David Berkowitz: The Son of Sam
On the evening of Tuesday, March 8, 1977, an attractive young Barnard College honor student named Virginia Voskerichian was walking home from classes in the affluent Forest Hills Gardens area. Virginia was a very talented and hardworking young woman who had fled Bulgaria with her family in the late 1950's.
As she followed Dartmouth Street towards her home, a man approached her from the opposite direction. When they were very close, he pulled out a .44 and aimed it at her. She raised her books to protect herself, but a single shot hit her in the face. Virginia died immediately.
As the killer ran away, he passed a man who had witnessed the whole thing. "Hi, mister," the killer said to the middle-aged man.
A passing patrol car spotted the running man. But, when they heard on their radio that a woman had been shot on Dartmouth Street, they abandoned their plan to stop the suspicious man and immediately raced to the crime scene.
The police felt helpless, unable to find the murderer. As well, these murders were taking a huge toll on the officers who had been working non-stop to track down every possible lead.
Laurence D. Klausner in his book Son of Sam quotes Joe Borrelli on the aftermath of this crime. "If you watch detectives at any homicide, you'll notice that they go about their jobs unemotionally... they didn't want to look at her. They knew it was senseless. She was someone beautiful and she was laying under the sheet, a bullet in her face had destroyed her. It began to grab at them, in the guts, and they just turned away. These were veterans and they couldn't take it."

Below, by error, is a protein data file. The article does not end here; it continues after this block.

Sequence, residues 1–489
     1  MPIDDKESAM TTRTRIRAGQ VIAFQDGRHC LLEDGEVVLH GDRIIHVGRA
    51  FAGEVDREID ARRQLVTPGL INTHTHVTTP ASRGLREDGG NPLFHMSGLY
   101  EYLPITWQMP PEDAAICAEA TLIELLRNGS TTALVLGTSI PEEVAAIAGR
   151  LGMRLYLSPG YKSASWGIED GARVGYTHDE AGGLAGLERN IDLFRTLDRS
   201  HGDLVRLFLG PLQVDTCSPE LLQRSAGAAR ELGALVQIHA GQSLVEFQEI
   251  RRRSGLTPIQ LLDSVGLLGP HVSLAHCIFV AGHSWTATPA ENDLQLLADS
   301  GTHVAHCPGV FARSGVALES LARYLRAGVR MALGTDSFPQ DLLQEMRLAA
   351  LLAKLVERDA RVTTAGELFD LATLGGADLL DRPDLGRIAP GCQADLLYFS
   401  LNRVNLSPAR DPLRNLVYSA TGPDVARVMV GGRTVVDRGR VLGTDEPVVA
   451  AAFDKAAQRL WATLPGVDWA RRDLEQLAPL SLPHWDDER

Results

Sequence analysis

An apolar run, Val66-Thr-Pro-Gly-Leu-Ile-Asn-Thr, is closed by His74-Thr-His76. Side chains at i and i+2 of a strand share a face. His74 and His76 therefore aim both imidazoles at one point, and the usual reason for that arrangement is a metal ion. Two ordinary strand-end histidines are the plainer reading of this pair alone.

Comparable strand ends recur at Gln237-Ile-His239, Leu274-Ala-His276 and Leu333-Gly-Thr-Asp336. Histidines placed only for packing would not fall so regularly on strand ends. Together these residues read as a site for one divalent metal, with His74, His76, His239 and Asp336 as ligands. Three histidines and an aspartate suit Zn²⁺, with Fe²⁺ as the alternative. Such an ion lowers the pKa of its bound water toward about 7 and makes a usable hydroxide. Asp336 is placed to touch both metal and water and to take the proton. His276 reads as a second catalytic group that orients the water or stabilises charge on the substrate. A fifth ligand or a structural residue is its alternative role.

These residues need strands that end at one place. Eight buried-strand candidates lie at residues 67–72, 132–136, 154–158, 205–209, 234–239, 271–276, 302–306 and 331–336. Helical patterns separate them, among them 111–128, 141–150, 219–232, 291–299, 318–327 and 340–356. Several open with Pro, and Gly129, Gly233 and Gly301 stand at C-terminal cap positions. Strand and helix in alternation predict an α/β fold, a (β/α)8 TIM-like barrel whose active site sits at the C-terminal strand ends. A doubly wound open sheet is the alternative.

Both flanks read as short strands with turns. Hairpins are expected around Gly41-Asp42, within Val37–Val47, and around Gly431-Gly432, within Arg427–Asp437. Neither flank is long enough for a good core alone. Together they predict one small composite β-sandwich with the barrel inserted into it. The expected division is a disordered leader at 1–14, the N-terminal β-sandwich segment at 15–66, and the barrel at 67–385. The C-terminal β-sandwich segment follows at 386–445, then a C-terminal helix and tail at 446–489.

The next day, the police had a match on the bullet. It had come from the same gun that had killed Donna Lauria. They were looking for a psycho and they knew he was going to kill again. Some random shooting of an attractive young woman. How would they ever prevent it?
The following day, the police commissioner held a press conference to announce to the City of New York that they had linked the various shootings. The commissioner stated that the only description of the murderer was that of "a white male, 25 to 30 years old, six feet tall, medium build, with dark hair."
More emphasis was put on finding this psycho before he killed again. Deputy Inspector Timothy Dowd was given the job of organizing the Operation Omega task force and staffing it with the highly experienced men it needed. Dowd, a native of Ireland, was not a typical cop. The 61-year-old veteran had majored in Latin and English at City College and had studied for a master's degree in business at the Baruch School of City College. Pragmatic and persistent despite political setbacks, he was not easily discouraged.
Captain Borrelli had a new boss. This crime series had become too big to be handled by just a captain.